We love creative mixologists who know their history but aren’t afraid to try new things in pursuit of excellent cocktails. We sat down with Henri Schock from Bottlehouse to get the inside scoop on mixing cocktails without spirits, crafting low-ABV drinks, and building your own collection of amaros and aperitifs.
You're getting really creative with wine. What gave you the idea to make an Old Fashioned without the key ingredient (whiskey)?
When my wife and I first came up with the concept of Bottlehouse, we wanted to stay pure with European wine bar concept, which meant being a spiritless bar. We also had a passion for amaros, digestifs, and aperitifs. Being someone who enjoys a good Old Fashioned, but sometimes wants something lighter spirited, I developed our Bottlehouse Old Fashioned. Cardamaro is an amazing wine-based aperitif that blends cardoon and thistles, which then gets aged in oak barrels. The result is a dark caramel and very viscous product that, when matched with barrel-aged bitters, has a bourbon-like profile.
What’s your philosophy behind Bottlehouse? How do you curate your selection?
Bottlehouse started as a neighborhood gathering space, wine bar, and retail shoppe. Our curation of wine has, and will always be, a balance between Pacific Northwest and Old World, focusing on smaller producers that practice minimal intervention production (also labeled as Natural, Biodynamic, and/or Organic). We created Bottlehouse out of necessity, as there wasn't anything that existed in Seattle prior. Our focus on wine and food education (specifically cheese and local products) has been paramount to our success, and we share that knowledge with our guests every day. We are an approachable, non-pretentious space that feels like going to a friends house—a friend who has great taste in design, wine and food.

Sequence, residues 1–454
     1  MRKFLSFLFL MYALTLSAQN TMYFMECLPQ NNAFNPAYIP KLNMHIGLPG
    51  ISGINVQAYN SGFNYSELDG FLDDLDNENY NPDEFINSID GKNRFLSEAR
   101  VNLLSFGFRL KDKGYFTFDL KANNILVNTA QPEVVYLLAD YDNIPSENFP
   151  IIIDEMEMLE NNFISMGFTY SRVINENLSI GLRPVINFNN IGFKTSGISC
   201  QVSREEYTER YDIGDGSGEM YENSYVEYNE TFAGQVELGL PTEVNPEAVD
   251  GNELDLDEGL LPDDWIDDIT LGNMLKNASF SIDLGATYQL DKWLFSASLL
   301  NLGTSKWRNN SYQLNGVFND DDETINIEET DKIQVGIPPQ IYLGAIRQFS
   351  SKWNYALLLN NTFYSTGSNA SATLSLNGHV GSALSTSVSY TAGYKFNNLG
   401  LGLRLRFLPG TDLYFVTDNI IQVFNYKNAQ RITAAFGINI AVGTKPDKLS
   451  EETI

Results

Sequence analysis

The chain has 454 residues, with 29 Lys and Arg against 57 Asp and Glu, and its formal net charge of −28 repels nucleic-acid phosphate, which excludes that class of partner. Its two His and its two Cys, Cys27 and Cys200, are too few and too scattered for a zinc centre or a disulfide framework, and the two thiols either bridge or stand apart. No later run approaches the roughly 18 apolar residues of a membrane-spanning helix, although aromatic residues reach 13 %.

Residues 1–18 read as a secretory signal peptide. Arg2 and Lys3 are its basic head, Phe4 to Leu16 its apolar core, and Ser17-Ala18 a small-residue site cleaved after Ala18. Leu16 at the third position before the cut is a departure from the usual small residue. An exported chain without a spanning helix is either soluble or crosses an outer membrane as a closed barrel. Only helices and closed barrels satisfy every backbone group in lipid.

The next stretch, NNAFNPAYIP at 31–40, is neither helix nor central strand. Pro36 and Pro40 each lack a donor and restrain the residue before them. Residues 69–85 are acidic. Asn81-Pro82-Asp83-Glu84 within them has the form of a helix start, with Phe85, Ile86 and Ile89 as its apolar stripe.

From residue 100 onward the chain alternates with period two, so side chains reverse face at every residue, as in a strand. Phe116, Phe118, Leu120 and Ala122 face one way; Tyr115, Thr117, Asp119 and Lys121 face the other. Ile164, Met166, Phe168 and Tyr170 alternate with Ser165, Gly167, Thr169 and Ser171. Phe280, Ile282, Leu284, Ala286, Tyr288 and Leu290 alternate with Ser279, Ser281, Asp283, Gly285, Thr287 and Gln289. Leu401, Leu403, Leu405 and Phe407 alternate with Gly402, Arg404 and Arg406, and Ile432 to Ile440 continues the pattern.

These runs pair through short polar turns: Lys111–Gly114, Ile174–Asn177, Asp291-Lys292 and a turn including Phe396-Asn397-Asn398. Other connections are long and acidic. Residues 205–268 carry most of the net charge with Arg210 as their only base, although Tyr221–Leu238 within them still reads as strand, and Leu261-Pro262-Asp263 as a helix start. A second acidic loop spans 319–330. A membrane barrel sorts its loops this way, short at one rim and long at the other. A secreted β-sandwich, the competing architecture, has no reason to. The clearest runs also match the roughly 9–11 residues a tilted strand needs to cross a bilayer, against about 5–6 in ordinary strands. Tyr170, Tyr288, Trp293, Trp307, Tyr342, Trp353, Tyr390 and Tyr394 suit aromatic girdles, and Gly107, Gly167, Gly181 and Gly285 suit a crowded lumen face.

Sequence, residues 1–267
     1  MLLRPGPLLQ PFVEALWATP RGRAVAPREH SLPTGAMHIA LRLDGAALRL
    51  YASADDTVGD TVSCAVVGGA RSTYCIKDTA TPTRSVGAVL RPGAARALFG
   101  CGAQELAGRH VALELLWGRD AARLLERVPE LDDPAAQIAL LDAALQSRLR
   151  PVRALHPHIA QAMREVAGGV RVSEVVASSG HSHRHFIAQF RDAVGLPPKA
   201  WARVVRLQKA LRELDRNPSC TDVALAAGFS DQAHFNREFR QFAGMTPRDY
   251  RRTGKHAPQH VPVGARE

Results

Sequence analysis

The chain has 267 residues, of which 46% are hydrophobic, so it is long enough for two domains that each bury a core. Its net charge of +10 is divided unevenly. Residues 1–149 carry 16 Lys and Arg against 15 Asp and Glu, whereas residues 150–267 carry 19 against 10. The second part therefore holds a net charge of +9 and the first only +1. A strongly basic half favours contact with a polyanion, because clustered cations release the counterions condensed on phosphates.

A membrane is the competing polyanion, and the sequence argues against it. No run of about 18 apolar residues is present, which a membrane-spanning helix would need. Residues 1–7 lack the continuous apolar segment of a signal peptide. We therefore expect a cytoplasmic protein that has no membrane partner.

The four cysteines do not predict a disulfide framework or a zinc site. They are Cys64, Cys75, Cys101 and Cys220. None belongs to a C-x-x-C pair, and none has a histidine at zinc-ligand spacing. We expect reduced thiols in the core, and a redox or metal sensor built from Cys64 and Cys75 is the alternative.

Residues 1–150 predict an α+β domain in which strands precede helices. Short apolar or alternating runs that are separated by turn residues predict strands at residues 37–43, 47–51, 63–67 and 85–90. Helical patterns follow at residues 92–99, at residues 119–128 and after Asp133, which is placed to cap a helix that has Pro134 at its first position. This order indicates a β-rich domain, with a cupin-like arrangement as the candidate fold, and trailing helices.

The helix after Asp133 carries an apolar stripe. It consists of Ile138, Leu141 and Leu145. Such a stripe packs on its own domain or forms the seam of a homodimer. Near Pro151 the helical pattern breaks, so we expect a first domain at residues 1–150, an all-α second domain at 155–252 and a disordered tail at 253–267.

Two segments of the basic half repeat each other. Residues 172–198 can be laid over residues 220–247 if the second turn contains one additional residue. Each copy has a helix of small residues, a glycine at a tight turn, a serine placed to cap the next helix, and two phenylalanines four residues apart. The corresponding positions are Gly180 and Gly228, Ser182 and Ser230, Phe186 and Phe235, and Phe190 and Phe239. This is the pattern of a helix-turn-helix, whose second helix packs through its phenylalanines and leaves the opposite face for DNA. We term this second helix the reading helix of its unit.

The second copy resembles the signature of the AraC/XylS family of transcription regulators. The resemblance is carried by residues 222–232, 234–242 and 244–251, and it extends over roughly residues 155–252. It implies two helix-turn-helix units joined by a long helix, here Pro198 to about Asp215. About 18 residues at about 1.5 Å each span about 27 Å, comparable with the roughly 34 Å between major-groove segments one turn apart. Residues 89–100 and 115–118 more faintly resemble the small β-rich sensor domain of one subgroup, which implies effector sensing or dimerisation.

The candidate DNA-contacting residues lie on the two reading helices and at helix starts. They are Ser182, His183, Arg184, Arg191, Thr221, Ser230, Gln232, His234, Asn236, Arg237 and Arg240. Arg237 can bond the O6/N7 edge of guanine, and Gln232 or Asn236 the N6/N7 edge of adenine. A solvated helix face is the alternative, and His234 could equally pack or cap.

How does your cocktail menu and wine list change seasonally?
Seasonality is synonymous with Bottlehouse. We celebrate the seasons with great passion and regularity by carefully curating our food, wines, and cocktails monthly. Our wine shop offerings rotate nearly weekly, and we're constantly bringing in new and exciting bottles we've discovered from our incredible producers.
How do you think the wine industry has changed in recent years?
The obvious and most talked about is the recent trend of natural wines. We have always had a minimal intervention focus, and it has been great to see the natural wine movement really grow, especially in younger demographics. What has been most evident (natural wine aside) is the wine consumer is getting younger and more knowledgeable about what they are drinking. This is a huge plus for us in the wine industry, as the more people who are educated about wine, the more wine drinkers we have out in the world.
What’s your go-to drink on a night out?
Depends on what we are eating. But generally speaking, Champagne—duh! Followed by a nice bottle of Burgundy or Barolo.
Do you have any tips for home bartenders who are experimenting with inventing their own wine-based cocktails?
When building any bar, it’s really important to build a nice baseline of ingredients to work and get comfortable with. Wine-based cocktails can be a little tricky, as unique amaros, aperitifs and digestives are less ubiquitous than most spirits. Do a little research, ask your local wine/spirits shop what is fun and unique, and start building an arsenal. The fun thing about wine-based cocktails is they can be as simple as 2-3 ingredients—an amaro/aperitif/digestif and bubbly water/wine. We call these spritz, and we often serve these as the first round of drinks to our guests.